Tenet, the latest movie by Christopher Nolan, is a complicated film that’s almost impossible to understand on a first viewing. You spend much of the film trying to understand how time moves forwards and backwards – a second viewing gives you a lot more context for what just happened. Still, relatively speaking, the ending of Tenet is fairly easy to figure out, relative to the complicated events that precede it.
Since Tenet just hit US screens in most places – there are some key exceptions on both coasts – we’ve done our best to explain Tenet’s ending below. We’ll also explain the best Tenet fan theory about the ending of the film, and why we think it’s almost certainly true. Prepare to have your mind blown! Or, to simply go ‘huh’ and move on with your life.
Massive Tenet spoilers follow as we discuss the movie’s ending.
Tenet ending explained
Andrei Sator (Kenneth Branagh)’s goal in the film is to bring together nine pieces of the Algorithm – an invention from the future that, when activated, will ‘reverse entropy’. This essentially amounts to wiping out all life by inverting time for everyone and everything on the planet. Its creator divided up the parts of the device and sent them back to the past to hide them, and Sator works with a group from the future that wishes to find the hidden pieces and activate the Algorithm.
Why is this is happening? Human beings living in the future are enduring a world ravaged by climate change, and this is their desperate attempt to reverse it, even though it’ll almost certainly wipe out their ancestors.
This Algorithm threatens an extinction-level event, then, which The Protagonist (John David Washington), Neil (Robert Pattinson) and the Tenet organization that recruited our hero at the start of the film are trying to stop.
Sator uses a ‘temporal pincer movement’ to retrieve the final part of the Algorithm – that is, moving forwards and backwards through time to guarantee an end result, which is what Sator is doing during the film’s complex car chase sequence.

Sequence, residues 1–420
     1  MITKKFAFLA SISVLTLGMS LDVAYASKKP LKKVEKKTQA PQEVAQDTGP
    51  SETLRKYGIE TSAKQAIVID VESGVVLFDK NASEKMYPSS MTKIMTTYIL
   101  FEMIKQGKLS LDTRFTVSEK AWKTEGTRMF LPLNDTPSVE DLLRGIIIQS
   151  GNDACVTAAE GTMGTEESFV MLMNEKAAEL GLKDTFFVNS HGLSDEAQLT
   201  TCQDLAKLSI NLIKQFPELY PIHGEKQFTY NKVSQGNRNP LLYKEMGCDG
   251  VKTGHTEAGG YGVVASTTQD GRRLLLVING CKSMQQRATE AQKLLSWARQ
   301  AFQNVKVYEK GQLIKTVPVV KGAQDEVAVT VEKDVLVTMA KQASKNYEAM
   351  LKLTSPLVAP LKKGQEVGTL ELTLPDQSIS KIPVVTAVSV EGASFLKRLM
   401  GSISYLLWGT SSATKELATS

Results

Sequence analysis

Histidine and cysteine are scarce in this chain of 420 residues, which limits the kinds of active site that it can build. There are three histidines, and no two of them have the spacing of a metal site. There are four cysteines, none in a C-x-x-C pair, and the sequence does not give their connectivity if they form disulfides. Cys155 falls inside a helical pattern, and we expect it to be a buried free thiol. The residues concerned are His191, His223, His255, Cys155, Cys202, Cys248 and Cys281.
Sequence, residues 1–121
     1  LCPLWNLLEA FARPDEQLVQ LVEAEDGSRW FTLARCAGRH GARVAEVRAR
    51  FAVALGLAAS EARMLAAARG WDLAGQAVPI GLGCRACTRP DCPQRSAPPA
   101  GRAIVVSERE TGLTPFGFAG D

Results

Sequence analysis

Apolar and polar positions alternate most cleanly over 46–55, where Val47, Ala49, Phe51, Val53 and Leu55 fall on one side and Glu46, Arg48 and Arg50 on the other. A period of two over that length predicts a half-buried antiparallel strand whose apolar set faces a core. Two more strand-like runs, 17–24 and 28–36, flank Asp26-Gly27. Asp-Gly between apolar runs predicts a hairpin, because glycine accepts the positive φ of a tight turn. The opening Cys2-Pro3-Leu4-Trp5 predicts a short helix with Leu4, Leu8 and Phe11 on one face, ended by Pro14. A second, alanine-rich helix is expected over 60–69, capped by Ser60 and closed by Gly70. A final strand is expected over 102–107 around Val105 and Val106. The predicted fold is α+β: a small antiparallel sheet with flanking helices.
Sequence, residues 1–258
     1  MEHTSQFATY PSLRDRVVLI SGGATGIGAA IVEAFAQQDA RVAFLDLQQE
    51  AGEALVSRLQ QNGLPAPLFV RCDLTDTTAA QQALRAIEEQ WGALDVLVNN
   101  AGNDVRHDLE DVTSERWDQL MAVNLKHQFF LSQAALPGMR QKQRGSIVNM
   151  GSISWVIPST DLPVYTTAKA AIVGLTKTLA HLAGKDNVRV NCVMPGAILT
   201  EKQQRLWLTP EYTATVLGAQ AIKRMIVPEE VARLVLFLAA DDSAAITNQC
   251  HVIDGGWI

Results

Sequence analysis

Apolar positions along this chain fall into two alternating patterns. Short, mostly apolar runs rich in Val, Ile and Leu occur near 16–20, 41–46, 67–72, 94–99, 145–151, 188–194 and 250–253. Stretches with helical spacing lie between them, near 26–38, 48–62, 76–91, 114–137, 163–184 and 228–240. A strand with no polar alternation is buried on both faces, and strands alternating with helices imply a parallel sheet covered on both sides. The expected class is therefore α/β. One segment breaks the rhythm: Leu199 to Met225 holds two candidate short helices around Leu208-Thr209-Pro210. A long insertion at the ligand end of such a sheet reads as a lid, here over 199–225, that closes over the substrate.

The way this works is that after a character has experienced an event, they can go through a turnstile – the devices that reverse time in the film – and live through an inverted version of the same event, using any new information they’ve learned to achieve their goal.
At the end of the film, Sator plans to activate the Algorithm in Stalask-12, the Soviet secret city where he was given his bars of gold and mission from the future.
We learn that the Algorithm will activate when he dies – and Sator has a terminal illness. He’s happy to take the entire world with him before he succumbs to it.
Sator deliberately travels back to a point in time where he was happiest, which was a Vietnamese holiday with his wife, Kat (Elizabeth Debicki). He plans on taking a suicide pill at this moment and ending the world, but Kat – who has also inverted in time to reach this point in the past – arrives to distract him while a plan is executed to retrieve the Algorithm.
The Protagonist, Neil and special forces operatives from Tenet raid Stalask-12 to stop the algorithm’s activation. Half of the forces in this final set piece are inverted, while half are not. This too is a temporal pincer movement – a battle of soldiers moving backwards and forwards to achieve an end result.
I’m going to be honest: this was a noisy and confusing sequence to watch, despite Nolan’s best efforts, but all that really matters story-wise here happens around Neil, the Protagonist and the Algorithm.
The locked door and the red string
When the Protagonist reaches the Algorithm, there’s a locked door. A masked soldier lies dead on the floor. If you’re eagle-eyed, you’ll notice there’s a red string on his backpack, and if your memory is really good, you’ll remember that same string from the opera house scene at the start of the movie when the Protagonist is saved by another character in the same uniform.
The dead body comes back to life and inverts through time, catching a bullet from a guard to protect the Protagonist, and unlocking the door so our hero can reach the Algorithm before disappearing again. The Protagonist and Ives (Aaron Taylor-Johnson) get hold of the Algorithm device. Kat murders Sator on his boat, but because the Algorithm has been retrieved, it doesn’t matter that he dies. Kat then jumps off the boat. This is Sator’s end point in the story – though his younger self is still out there somewhere at this particular moment in time, because it’s the past.